‘Destination branding is about combining all things associated with the ‘place’ (i.e., its products and services from various industries — agriculture; tourism; sports; arts; investment; technology; education, etc.) that collaborate under one brand. Its aim is to capture the essence of the destination, in a unified manner, and can be consumed simultaneously at a symbolic and experiential level. It is then used to market those unique added values to consumer needs and sustaining its success in the face of competition.’

From the above we can infer that destinations behave just like products. Thus they also have a life cycle of their own during which they need to constantly stay relevant and salient if they are to remain successful destination brands.

Tourism area life cycle shows the stages a destination goes through, from exploration to involvement to development to consolidation to stagnation to rejuvenation or decline (also known as the “tourism destination life cycle”)

Just like product brands, image is all important and how a place is represented can inspire people to visit and revisit it. (Coshall, 2000) Never was the saying ‘accentuate the positive and eliminate the negative’ more true than in destination branding. Destination marketing requires foresight and planning but it is not an exact science and branding offers destination marketers an opportunity to communicate key place attributes to their intended audience. Branding can help bridge any gaps between a destination’s strengths and potential visitor’s perceptions.

Place reputations are not made in a vacuum and neither are tourist choices, so place marketers must establish how their destination’s image compares with those of its key competitors. How the destination rates according to ‘wish you were here?’ appeal and celebrity value is critical. Do tourists regard it as a fashion accessory, a must see place on every aspirational traveler’s shopping list or as a fashion paux- somewhere with no conversational value and even less C:UsersMIHIRDesktop1.jpgstatus.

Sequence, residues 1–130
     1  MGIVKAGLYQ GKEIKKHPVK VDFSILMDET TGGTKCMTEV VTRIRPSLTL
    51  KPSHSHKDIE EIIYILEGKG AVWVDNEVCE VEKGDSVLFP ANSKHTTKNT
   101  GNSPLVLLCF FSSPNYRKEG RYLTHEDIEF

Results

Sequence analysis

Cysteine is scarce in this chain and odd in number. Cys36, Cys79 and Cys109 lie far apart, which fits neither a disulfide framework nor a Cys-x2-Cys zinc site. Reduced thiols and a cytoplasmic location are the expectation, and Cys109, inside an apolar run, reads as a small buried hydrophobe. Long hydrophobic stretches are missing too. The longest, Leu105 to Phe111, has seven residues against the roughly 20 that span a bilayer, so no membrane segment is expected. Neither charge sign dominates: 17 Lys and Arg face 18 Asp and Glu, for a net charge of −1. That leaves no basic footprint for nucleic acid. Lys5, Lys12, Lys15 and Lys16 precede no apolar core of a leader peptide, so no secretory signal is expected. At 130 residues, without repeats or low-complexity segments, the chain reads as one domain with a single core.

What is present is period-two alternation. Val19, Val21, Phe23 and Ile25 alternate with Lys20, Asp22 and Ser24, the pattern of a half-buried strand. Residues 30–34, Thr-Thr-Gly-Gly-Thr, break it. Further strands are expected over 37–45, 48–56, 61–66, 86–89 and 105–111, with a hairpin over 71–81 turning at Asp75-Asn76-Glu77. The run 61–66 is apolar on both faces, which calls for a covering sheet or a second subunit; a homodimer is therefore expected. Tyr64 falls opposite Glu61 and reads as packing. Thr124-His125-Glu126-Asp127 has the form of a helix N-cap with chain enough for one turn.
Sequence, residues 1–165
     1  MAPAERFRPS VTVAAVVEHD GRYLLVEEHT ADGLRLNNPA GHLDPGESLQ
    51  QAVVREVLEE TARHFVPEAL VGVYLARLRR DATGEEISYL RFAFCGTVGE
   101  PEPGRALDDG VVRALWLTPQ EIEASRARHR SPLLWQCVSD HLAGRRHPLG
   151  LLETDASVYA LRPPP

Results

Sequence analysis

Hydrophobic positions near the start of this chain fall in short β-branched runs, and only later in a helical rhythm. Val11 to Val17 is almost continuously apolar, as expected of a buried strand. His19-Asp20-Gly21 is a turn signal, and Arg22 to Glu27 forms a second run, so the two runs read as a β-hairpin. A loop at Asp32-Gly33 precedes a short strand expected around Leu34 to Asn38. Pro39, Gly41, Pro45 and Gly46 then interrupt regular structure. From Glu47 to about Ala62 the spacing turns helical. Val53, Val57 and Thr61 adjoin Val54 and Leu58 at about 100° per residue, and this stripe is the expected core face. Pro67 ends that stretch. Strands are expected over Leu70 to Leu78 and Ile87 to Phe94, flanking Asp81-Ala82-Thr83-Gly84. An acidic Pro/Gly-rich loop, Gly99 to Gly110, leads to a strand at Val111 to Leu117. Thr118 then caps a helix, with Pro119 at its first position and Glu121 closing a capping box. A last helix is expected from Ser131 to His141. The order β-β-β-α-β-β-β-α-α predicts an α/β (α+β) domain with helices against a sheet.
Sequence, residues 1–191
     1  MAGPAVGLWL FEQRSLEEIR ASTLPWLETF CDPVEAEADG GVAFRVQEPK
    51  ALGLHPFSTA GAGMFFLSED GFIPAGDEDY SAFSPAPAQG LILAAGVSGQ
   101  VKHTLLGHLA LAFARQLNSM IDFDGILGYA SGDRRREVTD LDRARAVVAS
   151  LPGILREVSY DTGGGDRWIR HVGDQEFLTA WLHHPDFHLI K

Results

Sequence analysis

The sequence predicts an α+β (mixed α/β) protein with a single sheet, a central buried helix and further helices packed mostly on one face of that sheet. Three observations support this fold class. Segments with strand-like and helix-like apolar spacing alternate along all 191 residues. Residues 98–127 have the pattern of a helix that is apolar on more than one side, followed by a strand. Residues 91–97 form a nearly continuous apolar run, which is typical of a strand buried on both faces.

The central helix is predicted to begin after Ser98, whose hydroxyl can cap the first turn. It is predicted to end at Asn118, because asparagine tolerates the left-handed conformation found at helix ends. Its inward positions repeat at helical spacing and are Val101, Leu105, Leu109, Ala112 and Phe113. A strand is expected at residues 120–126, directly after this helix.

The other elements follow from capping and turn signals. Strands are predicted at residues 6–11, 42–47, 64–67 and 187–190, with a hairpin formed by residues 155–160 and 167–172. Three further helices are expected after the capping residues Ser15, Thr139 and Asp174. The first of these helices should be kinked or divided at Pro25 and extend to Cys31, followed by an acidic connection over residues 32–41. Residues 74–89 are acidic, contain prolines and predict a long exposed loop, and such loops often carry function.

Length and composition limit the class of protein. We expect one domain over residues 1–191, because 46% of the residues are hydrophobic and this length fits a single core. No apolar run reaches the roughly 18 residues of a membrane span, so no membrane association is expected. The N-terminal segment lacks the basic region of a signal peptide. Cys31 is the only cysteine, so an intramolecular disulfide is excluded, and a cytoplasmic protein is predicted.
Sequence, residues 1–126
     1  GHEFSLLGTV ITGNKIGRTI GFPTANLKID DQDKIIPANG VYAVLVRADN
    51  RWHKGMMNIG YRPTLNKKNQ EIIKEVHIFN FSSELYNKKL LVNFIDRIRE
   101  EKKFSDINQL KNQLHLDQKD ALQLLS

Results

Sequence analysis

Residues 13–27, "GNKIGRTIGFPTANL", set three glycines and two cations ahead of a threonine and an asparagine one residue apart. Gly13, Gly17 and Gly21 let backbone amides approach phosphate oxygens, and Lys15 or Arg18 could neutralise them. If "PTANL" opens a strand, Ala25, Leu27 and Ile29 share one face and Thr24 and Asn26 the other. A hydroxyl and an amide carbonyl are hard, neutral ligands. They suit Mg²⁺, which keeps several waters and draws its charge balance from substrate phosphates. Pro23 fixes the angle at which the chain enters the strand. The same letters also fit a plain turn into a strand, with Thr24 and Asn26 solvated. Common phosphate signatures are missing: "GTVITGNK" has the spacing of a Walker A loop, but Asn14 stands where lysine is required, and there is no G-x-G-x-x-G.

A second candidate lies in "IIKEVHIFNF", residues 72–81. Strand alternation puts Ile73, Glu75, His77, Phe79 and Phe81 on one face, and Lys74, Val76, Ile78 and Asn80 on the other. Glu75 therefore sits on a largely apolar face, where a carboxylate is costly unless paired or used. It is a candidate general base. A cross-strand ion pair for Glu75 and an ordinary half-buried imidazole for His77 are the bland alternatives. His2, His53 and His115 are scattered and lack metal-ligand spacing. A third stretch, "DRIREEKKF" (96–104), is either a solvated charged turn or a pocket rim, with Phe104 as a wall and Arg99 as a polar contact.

The represents a celebrity matrix and illustrates a range of destination brands measured on the axes of emotional appeal and celebrity value. Obviously, how people relate to any destination brand depends on their own individual interests, opinions and experiences, and such

On any positioning map, however, brand winners emerge as those places which are rich in emotional meaning, have great conversation value and hold high anticipation for potential tourists. By comparison, brand losers are places with little meaning, even less status, virtually no conversation value and zero anticipation for tourists.

Problem places are those destinations which are talked about for the wrong reasons and, far from holding an emotional appeal, actively repel potential tourists. Places which currently offer little emotional pull face an uphill task if they are to ever become destination winners. Other destinations which do have emotional pull but currently have limited celebrity value hold huge untapped potential and could be tomorrow’s winner destination brands.